The scriptures define human beings as corrupt; our nature is selfishness and destructiveness. With that biblical definition of humanity, perhaps I might agree in saying that all cultures are immorally equal.

June 30, 2007


The Conservative Manifesto said:
Imperfect as it may be, can a nation/culture adopt a set of laws and common values that are - in general - less moral than those of another nation/culture?
June 30, 2007


jovial_cynic said:
I don't believe that what you are describing creates moral or immoral nations. I think you're talking about a man-made and subjective morality, and judging a group of people by their set of laws or values just allows people to place man-made labels on them.

Obeying particular laws does not make a person righteous. It doesn't make a nation righteous. To argue otherwise suggests a works-based theology, and hopefully we agree that the scriptures teach salvation by grace, through faith, and not by works, such that none can boast of their salvation or "morality," but rather complete dependence on God.

I argue that there isn't really any benefit to a non-believing community to obey "moral" laws, since it ultimately accounts for nothing. No non-believer will stand before God on the last day and rightly boast of their obedience to moral laws. That's all meaningless.


June 30, 2007


The Conservative Manifesto said:
Congrats, by the way.
July 01, 2007


D said:
RYC:

Picky, picky. There...it's fixed.

How are things?

July 05, 2007


The Conservative Manifesto said:
"From a Christian perspective, the case against nationalism is firmly rooted in the issue of sinful pride."

Is it possible for a Christian to take pride in something, without that pride being sinful in nature?

July 05, 2007


jovial_cynic said:
TCM: Without sounding too snarky, the only thing that comes to mind is Paul's boasting of his sufferings for Christ; he boasted of being counted worthy to endure what Christ also had to endure. But perhaps you mean something different when you mean "take pride in something." I take pride in my work, but I don't measure my work against others; my work isn't competetive in nature. I just like the end product, and I'm glad that I'm able to be involved in (and paid for!) something I enjoy.

But even if it was competitive, isn't Christ ultimately the author of our successes? "Unless the LORD builds the house, they labor in vain..." Under what circumstances can believers can boast their successes, and under what circumstances can they judge others against that success?

July 05, 2007


jovial_cynic said:
D: Things are spectacular. Life is great. When are we going to get together and jam, man?
July 05, 2007


The Conservative Manifesto said:
"...my work isn't competetive [sic] in nature."

Really?

I tend to think all work is competitive to a certain degree.

I mean, are we not constantly doing our best and improving our work to remain of value to the company for which we work?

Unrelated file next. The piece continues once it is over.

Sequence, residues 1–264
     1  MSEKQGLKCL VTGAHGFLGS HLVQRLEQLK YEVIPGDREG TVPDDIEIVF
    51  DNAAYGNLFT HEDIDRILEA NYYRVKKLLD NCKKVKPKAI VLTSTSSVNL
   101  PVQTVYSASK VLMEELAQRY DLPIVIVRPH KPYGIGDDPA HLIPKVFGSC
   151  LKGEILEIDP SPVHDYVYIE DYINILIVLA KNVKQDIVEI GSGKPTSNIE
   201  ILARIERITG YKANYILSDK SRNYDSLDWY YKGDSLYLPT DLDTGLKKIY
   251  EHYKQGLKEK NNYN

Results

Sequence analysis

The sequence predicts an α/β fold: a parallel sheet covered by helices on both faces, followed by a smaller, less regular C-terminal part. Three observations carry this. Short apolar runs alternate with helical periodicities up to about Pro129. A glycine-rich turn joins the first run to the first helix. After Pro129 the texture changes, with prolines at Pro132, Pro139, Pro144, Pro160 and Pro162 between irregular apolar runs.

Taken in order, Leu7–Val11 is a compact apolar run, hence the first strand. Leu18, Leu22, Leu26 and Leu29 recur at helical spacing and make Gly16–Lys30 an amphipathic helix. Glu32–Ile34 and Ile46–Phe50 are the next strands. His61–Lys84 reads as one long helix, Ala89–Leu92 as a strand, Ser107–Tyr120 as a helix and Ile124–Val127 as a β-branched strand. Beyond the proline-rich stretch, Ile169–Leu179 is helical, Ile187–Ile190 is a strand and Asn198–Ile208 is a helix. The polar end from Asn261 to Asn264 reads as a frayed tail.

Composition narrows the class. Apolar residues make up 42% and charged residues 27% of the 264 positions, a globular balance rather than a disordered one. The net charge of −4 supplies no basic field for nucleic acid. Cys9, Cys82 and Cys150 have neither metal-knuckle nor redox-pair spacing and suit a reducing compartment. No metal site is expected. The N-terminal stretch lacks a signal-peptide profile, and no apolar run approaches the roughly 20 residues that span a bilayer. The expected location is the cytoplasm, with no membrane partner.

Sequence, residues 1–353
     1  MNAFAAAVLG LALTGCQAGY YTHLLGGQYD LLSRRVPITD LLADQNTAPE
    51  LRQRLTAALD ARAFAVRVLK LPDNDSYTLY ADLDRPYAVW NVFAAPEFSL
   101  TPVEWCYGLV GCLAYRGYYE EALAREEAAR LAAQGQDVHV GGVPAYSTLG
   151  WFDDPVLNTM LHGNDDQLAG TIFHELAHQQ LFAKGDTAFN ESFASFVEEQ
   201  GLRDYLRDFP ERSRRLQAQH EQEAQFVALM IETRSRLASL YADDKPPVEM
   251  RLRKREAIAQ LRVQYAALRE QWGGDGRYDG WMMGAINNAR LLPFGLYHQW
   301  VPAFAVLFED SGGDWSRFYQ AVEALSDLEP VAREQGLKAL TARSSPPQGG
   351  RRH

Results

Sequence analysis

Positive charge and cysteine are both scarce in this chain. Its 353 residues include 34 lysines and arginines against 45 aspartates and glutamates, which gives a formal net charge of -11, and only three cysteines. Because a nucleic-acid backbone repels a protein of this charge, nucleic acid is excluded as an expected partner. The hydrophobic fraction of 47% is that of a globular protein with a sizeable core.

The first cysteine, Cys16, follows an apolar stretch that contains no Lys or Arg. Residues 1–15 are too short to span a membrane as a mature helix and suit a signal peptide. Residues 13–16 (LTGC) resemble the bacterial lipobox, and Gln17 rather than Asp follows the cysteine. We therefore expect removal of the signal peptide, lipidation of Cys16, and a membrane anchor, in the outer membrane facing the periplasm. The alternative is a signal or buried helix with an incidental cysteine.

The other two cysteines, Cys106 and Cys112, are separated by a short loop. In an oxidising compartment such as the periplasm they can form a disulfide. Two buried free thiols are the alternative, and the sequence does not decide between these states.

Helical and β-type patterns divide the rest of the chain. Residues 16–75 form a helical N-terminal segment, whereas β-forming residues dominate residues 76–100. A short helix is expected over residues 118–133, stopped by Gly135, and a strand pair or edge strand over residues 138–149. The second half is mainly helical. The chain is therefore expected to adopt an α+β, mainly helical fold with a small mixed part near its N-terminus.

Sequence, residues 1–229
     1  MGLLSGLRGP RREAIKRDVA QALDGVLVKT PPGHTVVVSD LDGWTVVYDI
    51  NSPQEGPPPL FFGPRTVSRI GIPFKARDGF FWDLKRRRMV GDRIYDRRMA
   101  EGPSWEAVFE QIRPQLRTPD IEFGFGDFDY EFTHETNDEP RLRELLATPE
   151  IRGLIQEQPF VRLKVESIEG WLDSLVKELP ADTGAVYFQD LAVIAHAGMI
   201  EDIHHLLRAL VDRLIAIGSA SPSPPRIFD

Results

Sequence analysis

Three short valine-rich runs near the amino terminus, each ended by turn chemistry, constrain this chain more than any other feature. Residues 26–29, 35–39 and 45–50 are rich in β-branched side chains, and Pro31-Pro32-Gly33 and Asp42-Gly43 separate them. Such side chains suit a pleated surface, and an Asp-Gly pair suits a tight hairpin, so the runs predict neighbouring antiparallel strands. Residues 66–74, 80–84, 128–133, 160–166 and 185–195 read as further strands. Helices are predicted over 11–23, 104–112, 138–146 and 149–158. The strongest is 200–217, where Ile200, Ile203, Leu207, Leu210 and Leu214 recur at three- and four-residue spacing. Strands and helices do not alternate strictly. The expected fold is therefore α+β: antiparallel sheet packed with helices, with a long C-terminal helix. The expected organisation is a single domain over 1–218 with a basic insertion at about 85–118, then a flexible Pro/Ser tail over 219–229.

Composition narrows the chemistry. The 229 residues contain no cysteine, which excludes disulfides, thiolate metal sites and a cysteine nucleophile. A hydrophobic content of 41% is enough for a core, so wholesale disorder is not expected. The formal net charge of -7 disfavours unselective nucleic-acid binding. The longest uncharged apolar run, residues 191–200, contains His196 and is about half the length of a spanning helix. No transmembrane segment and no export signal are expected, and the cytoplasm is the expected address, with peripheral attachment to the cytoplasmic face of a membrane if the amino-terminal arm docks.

I'd love to think that I don't have to compete with anyone -- that my job is indeed that secure. However, I don't think that's reality.

But, perhaps I'm mistaken. Perhaps you have no competition for your job and the company for which you work is stuck with you regardless.

;-)

July 05, 2007


jovial_cynic said:
haha... "[sic]" You can fully quote my typographical errors. I don't mind. :)

Anyhow, being competitive "to a certain degree" is different than being competitive "in nature." I don't think we disagree there.

What I meant was that in a job where one must be truly competitive (working for an advertising agency, for example), it's very easy to become arrogant and sinfully prideful.

July 05, 2007


The Conservative Manifesto said:
Do you agree that competition in business is necessary?

(I realize we're getting off topic; hope you don't mind entertaining my line of questioning.)

July 05, 2007


jovial_cynic said:
Are you trying to get me to admit that capitalism is good? ;)

Listen - I sell welded figurines to pay for all of my projects, and I'm fully aware that I have to be competitive in order to be effective in the market place. And I love that I can inject something unique into the market that a fully state-controlled market wouldn't allow.

HOWEVER.

I do see a need for legislation at times. The power that corporations can wield allows for a level of corruption that can only be balanced by a government entity. Yes, I understand that consumers ultimately wield the power (such that a monopoly isn't truly possible, with the exception of labor unions), but in the same way that we have the three branches of government to keep a balance of power between the branches (or at least we used to, before Bush came into the office), the government is able to balance out the power of corporations.

For instance, I'm *glad* that the insurance industry is as legislated as it is. The scenario of the ability for the insurance industry to destroy policy holders through unregulated rate hikes is terrifying. I work in the insurance industry, and I'm actually able to say that insurance companies are truly kept from being "evil" through such legislation.

July 05, 2007